4 signs of Leaky Gut Syndrome

A few years ago, if you told someone you thought you were suffering from leaky gut syndrome, you would have been laughed out the door. Now, though, more research is surfacing than ever before, and it’s indicating that this condition is a serious problem.

Leaky gut syndrome—more formally known as intestinal hyper permeability—affects much of the population to some degree and has been linked to a number of chronic diseases, especially autoimmune diseases like inflammatory bowel disease and celiac disease.

Are you suffering from leaky gut syndrome? If you’re experiencing any of the common symptoms listed below, there’s a chance you could be. Read on to learn what signs to look for along with some practical tips on ways you can start healing your gut today.

What is leaky gut?

First, let’s clarify what leaky gut syndrome actually is.

The intestinal tract is protected by a layer of epithelial cells. These cells are linked together by special proteins known as tight junction proteins. In people with leaky gut syndrome, the tight junctions become compromised and start to allow a variety of toxins, bacteria, and antigens to enter the bloodstream.

When this happens, it can set off an inflammatory response in the body. This, in turn, can trigger a variety of symptoms.

What causes leaky gut?

There are a number of issues that can contribute to tight junction malfunction in the intestinal tract. Some of the most common causes include:

  • Genetic predisposition;
  • Poor diet (especially one rich in foods like unsprouted grains, sugar, GMO foods, refined oils, food additives and conventional dairy);
  • Chronically elevated stress levels;
  • Toxicity caused by extreme alcohol or drug consumption—or consumption of products like antibiotics, NSAIDs, pesticides from nonorganic foods, or unfiltered tap water; and
  • Bacterial imbalances.

Signs of leaky gut syndrome

Some of the most common symptoms that people experience when they’re dealing with leaky gut syndrome include:

1 Food Sensitivities. If you have a bad reaction to certain foods (stomachaches, skin problems, etc.), leaky gut syndrome may be the culprit.

This is due to the fact that when foreign invaders make their way into your bloodstream, your immune system as a whole has to produce more antibodies to try and keep you healthy. This can make you more susceptible to the antigens in certain foods, especially inflammatory ones, like dairy and gluten.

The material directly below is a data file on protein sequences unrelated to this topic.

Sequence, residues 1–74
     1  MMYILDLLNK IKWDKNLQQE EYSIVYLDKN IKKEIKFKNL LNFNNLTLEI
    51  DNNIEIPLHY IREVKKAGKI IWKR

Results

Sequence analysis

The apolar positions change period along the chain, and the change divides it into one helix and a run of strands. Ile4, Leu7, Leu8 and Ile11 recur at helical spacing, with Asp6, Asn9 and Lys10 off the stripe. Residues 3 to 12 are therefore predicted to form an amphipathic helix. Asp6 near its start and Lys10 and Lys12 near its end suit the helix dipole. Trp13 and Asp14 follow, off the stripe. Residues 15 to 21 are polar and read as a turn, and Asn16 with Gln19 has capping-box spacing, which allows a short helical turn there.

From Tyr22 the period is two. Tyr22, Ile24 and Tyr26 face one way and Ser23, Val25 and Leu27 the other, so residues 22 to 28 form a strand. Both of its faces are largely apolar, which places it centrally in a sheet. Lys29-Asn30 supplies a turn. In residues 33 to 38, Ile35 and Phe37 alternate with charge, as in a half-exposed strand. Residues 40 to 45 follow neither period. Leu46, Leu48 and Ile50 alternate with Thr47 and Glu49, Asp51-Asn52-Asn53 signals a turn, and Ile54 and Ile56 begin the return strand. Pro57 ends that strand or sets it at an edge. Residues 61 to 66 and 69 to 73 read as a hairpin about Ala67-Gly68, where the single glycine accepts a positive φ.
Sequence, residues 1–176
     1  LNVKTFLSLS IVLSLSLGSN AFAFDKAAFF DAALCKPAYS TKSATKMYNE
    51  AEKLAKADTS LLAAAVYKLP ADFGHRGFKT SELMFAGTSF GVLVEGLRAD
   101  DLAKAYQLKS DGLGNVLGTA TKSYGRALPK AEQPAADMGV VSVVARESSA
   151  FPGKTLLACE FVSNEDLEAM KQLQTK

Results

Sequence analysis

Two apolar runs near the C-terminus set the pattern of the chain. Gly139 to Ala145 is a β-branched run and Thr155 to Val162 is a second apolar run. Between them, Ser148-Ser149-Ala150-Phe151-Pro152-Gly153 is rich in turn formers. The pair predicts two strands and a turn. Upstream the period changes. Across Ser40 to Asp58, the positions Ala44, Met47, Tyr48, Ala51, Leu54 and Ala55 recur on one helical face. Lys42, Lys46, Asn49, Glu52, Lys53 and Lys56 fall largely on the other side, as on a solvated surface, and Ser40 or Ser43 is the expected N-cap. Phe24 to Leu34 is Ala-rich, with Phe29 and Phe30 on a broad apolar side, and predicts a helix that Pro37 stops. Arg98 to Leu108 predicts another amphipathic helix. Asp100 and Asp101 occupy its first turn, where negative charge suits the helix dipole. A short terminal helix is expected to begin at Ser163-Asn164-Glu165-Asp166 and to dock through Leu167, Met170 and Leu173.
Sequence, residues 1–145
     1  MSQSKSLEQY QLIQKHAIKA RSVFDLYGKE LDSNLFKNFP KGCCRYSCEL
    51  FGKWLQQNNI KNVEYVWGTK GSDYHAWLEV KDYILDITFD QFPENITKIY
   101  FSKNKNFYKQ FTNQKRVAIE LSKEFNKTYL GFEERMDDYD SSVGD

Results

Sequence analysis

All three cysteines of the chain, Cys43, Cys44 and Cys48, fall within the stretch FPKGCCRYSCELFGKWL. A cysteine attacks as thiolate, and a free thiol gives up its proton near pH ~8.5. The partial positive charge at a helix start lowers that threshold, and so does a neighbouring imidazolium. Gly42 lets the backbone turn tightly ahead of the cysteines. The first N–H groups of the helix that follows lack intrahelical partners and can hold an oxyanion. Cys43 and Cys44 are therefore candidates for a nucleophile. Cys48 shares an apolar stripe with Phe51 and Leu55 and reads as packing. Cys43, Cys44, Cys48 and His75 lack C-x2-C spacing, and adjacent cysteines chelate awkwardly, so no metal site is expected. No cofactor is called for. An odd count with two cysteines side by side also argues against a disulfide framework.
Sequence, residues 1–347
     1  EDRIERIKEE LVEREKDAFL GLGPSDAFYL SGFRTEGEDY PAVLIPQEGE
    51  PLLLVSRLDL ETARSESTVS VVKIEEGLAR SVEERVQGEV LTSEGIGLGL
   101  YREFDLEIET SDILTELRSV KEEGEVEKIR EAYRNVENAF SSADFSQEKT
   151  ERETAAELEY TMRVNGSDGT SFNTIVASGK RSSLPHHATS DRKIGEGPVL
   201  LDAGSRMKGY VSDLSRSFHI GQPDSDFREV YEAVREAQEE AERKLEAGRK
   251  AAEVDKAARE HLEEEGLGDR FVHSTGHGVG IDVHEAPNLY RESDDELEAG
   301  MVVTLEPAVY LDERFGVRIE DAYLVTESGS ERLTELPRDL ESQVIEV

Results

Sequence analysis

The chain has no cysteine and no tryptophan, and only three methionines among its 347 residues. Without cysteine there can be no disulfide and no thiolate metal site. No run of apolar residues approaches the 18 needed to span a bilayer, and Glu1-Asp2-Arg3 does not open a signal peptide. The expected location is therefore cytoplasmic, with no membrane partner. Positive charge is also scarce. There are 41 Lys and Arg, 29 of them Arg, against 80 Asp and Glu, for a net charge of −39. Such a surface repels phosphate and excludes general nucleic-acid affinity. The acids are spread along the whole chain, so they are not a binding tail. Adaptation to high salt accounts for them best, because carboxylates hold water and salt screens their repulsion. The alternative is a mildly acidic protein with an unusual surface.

2 Digestive issues. Common digestive issues that show up when people are dealing with leaky gut syndrome include:

  • Gas;
  • Bloating;
  • Diarrhea;
  • Abdominal pain; and
  • Irritable bowel syndrome

Sometimes these symptoms are brought on or made worse by certain foods, but they can also be present without an apparent cause.

3 Nutrient malabsorption. If your gut lining has been compromised, you’re going to have a hard time getting sufficient amounts of nutrients from the food you eat.

Nutrient deficiencies caused by poor digestion are extremely common in people with leaky gut syndrome since they have a hard time breaking down and absorbing food properly.

Some of the most common nutrient deficiencies that people experience include:

  • Vitamin B12
  • Magnesium
  • Vitamin A
  • Vitamin D
  • Zinc

4 Mood issues. mood issues- depression. Many people also experience mood imbalances and mental health issues when their gut health is compromised.

This is partly because the majority of the body’s serotonin is produced in the gut. Although gut-derived serotonin does not pass through the blood-brain barrier, it is still important because it modulates inflammation throughout the body.

Increased levels of inflammation have been linked to issues like depression and anxiety. If you’re struggling with these issues, it’s important to take a look at your gut health (in conjunction with other doctor-recommended interventions) to get to the root of the issue.

How to heal leaky gut syndrome

If you think you are suffering from leaky gut syndrome, start a dialogue with your doctor about healing your gut and preventing further damage. There are some steps you can take today, however, to start moving the process along:

  • Remove potentially damaging foods like dairy and gluten for three to four weeks.
  • Reintroduce them one at a time to identify which foods trigger symptoms.
  • Restore beneficial bacteria (probiotics) to rebalance and nourish the gut.
  • Introduce supplements like L-glutamine and collagen peptides to start repairing the damaged gut lining.

Remember to be patient during this process—it can take a while to identify what’s causing your symptoms and heal the damage to your gut lining. But if you’re diligent and work together with a professional, you’ll be on your way to feeling better than before.

Source: www.bewellbuzz.com

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